In the weeks since the Chicago Bears fired Lovie Smith as head coach, no fewer than 13 names have emerged as targets to replace him. After a slew of candidate interviews, though, the Bears’ priorities are finally starting to become a little clearer.
As reported by NFL.com, Chicago seems to have tabbed three of its prospects as finalists by inviting them back for second visits with the team. That frontrunning trio consists of Montreal Alouettes head coach Marc Trestman of the Canadian Football League, offensive coordinator Darrell Bevell of the Seattle Seahawks, and offensive coordinator Bruce Arians of the Indianapolis Colts.
Given the Bears’ obvious desire to move away from the one-dimensional defensive teams of the Smith era, it’s little surprise to see three offense-heavy choices leading the pack here. Trestman, in addition to his experience in the freewheeling CFL, can match the NFL experience of his competitors with stints as offensive coordinator for both the Cardinals and Raiders.
All three coaches have also shown a particular affinity for grooming strong-armed quarterbacks. Bevell and Arians both turned in eye-opening seasons in 2012 with rookies Russell Wilson and Andrew Luck, respectively, while Trestman’s best NFL seasons came with Jake Plummer at the Cardinals’ helm.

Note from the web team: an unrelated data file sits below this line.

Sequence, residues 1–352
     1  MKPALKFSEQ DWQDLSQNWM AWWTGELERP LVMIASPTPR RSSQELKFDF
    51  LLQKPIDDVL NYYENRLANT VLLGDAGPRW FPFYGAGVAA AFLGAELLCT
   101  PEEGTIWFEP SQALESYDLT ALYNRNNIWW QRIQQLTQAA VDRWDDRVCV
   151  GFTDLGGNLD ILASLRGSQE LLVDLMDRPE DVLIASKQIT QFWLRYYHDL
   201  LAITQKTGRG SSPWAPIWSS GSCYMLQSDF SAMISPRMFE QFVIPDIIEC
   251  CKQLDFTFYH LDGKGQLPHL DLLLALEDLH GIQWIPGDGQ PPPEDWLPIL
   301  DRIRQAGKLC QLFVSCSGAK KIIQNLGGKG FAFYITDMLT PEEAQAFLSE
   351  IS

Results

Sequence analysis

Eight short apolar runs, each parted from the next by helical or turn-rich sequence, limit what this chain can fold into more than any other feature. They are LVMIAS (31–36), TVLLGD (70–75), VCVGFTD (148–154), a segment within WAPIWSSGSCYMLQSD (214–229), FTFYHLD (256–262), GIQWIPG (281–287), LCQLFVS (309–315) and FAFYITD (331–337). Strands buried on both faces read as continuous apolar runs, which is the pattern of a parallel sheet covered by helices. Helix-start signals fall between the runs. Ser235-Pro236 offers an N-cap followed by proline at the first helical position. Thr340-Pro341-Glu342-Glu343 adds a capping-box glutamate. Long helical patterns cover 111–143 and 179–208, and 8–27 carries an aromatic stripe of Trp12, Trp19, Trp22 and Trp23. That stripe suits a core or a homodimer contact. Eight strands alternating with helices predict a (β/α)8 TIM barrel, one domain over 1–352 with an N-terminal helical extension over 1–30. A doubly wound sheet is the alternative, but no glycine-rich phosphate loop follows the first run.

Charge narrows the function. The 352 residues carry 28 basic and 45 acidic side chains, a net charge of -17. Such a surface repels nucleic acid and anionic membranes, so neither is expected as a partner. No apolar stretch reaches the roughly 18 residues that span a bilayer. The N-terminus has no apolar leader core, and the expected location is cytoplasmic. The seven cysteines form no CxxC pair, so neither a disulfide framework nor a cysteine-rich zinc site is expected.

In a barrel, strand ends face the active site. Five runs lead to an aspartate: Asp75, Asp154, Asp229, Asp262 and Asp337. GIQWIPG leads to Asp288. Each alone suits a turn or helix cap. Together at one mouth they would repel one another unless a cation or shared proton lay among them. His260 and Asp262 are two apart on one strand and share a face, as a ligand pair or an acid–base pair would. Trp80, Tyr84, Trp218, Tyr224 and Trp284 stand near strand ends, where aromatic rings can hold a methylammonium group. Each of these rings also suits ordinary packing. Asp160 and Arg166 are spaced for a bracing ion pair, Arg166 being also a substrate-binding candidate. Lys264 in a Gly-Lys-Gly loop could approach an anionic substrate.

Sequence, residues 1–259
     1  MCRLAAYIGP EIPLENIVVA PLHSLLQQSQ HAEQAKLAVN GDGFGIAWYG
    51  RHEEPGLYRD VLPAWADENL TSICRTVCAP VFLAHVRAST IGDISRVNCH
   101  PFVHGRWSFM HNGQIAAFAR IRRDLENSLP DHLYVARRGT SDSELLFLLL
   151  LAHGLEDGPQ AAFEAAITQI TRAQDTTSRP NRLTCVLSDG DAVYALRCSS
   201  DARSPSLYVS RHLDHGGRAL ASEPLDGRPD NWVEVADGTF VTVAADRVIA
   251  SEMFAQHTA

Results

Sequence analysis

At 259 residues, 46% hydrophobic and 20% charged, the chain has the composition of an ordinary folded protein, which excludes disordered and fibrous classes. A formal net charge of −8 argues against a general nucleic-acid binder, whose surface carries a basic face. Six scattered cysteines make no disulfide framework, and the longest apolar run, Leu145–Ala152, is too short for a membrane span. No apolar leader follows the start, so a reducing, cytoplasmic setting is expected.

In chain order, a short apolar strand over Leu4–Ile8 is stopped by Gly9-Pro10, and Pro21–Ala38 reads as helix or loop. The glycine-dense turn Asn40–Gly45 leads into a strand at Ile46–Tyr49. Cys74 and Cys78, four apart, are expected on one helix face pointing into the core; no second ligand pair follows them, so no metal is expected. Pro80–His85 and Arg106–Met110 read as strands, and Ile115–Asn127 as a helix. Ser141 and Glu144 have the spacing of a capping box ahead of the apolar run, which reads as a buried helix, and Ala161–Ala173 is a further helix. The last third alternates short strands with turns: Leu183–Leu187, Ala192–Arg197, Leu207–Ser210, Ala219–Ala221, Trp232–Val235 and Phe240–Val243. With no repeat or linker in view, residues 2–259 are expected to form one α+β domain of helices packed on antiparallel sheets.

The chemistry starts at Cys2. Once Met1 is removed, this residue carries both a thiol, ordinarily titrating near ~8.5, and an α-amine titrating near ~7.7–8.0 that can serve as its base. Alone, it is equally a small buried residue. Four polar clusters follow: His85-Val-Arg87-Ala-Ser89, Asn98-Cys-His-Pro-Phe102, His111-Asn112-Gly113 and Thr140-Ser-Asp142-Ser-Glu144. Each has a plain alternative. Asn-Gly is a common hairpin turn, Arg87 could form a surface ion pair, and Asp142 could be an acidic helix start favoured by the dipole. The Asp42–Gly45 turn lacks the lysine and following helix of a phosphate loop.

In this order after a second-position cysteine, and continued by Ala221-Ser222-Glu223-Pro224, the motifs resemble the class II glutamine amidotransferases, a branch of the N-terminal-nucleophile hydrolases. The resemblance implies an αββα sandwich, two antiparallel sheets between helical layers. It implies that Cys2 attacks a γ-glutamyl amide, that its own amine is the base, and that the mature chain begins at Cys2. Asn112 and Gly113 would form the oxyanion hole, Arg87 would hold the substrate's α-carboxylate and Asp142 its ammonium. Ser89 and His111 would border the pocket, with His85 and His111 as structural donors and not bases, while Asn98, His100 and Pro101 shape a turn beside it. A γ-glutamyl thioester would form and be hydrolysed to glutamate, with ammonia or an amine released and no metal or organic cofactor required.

Considering both Jay Cutler’s enormous talent and the Bears’ equally enormous investment in his success, finding a coach who can maximize Cutler’s performance had to be the Bears’ major priority. All three finalists appear well equipped to give the erratic QB a chance to become a bona fide star.
The one area where Trestman stands alone, though, is that he won’t be stepping into a head coaching position for the first time. No, the CFL isn’t the NFL, but even a CFL head coaching job brings a very different set of responsibilities from a top-level assistant’s post in either league.
With either Bevell or Arians, it’s almost inevitable that the adjustment to running the entire team would detract from their ability to revamp Chicago’s offense immediately. Trestman, already accustomed to the top job, would be able to hit the ground running.
That’s no small advantage for a Bears team with the clock ticking on its chance to shine. The aging defense has been repeatedly plagued by injuries, while the offense could lose Cutler to free agency as soon as 2014 (and top wideout Brandon Marshall a year later).
If Chicago is going to turn into a winner with anything resembling its current personnel grouping, it must get a strong first season from its new head coach. No one is readier to provide that season than Trestman.